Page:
A longitudinal study published in Brain, Behavior, and Immunity – Health found evidence for a vicious cycle of mutually amplifying adiposity, inflammatory activity, and poor working memory across a span of 6.5 years.
Working memory refers to the ability to keep information at the forefront of the mind and update it appropriately. One pathway through which adiposity (amount of body fat) could impair working memory is through inflammatory activity, which would in turn alter neural activity within a brain region that underpins working memory performance (i.e., the dorsolateral prefrontal cortex).
Another pathway entails a more direct link between working memory, eating behaviors, and weight. Working memory is vital to self-regulation, and enables the ability to keep goals in mind and maintain them when faced with temptation or distraction. In the context of eating behavior and adiposity, working memory could facilitate the mental maintenance of health goals, and reduce the desire for unhealthy eating habits. Through this pathway, working memory would impact inflammatory activity through its effects on weight.
Importantly, the two pathways are not mutually exclusive, meaning, these factors could induce a vicious cycle over time.
Grant Shields and colleagues assessed the longitudinal relations between adiposity, inflammatory activity, and working memory in a sample of 8536 children partaking in the Avon Longitudinal Study of Parents and Children in the United Kingdom. Adiposity was quantified through fat mass, and was measured at ages nine and 15.5. Inflammatory activity was indexed through C-reactive protein (CRP) levels in blood samples at ages nine and 15.5.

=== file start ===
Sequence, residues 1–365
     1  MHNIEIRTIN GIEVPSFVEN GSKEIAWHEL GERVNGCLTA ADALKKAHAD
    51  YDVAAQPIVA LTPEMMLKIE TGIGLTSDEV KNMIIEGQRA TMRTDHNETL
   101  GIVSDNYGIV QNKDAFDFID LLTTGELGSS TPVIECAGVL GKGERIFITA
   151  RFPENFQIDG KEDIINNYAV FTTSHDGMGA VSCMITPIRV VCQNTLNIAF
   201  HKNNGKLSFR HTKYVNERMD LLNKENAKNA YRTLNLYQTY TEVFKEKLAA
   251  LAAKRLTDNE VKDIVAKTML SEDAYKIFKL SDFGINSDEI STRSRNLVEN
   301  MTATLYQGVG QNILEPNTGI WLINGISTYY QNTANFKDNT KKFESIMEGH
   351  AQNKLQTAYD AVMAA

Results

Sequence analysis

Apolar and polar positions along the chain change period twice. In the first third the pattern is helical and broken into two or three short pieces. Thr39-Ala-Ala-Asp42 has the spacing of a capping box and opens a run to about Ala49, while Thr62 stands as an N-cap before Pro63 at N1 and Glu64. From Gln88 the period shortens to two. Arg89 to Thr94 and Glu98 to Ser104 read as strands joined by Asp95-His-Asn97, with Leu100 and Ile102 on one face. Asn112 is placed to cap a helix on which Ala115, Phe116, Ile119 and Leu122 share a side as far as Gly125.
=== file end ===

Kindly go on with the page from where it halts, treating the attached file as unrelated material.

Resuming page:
Working memory was assessed through a computerized version of the Counting Span Task at age 10. This task entailed viewing red and blue dots on a white background and counting the number of red dots out loud. The first set consisted of two trials, while the last set consisted of five. After each set, participants were asked to report the number of red dots they had counted on each trial, in the correct order of presentation.
The researchers found evidence for both pathways. At age nine, greater adiposity (or fat mass) predicted poorer working memory at age 10, through greater inflammatory activity (or CRP levels) at age nine. As well, poorer working memory at age 10 predicted greater inflammatory activity at age 15.5, through greater adiposity at age 15.5. Controlling for demographic characteristics such as gender, ethnicity, or socioeconomic status did not affect the results. These findings suggest that adiposity, inflammatory activity, and working memory may mutually amplify each other over time.
The authors note a few potential limitations. Given the data was correlational, causation cannot be inferred. Moreover, because the analyzed data did not contain all measures at three or more timepoints, more sophisticated longitudinal models could not be applied. As well, working memory was only measured at one time point, as such, the researchers could not address changes in working memory.
Relatedly, information regarding other cognitive functions that could be relevant to obesity (such as, inhibitory control) were not collected, and thus, could not be examined in relation to obesity. Additionally, CRP levels and fat mass were measured at the same time points, preventing inferences about the temporal order of these variables.
The study, “Adiposity, inflammation, and working memory: Evidence for a vicious cycle”, was authored by Grant S. Shields, LillyBelle K. Deer, Paul D. Hastings, and Camelia E. Hostinar.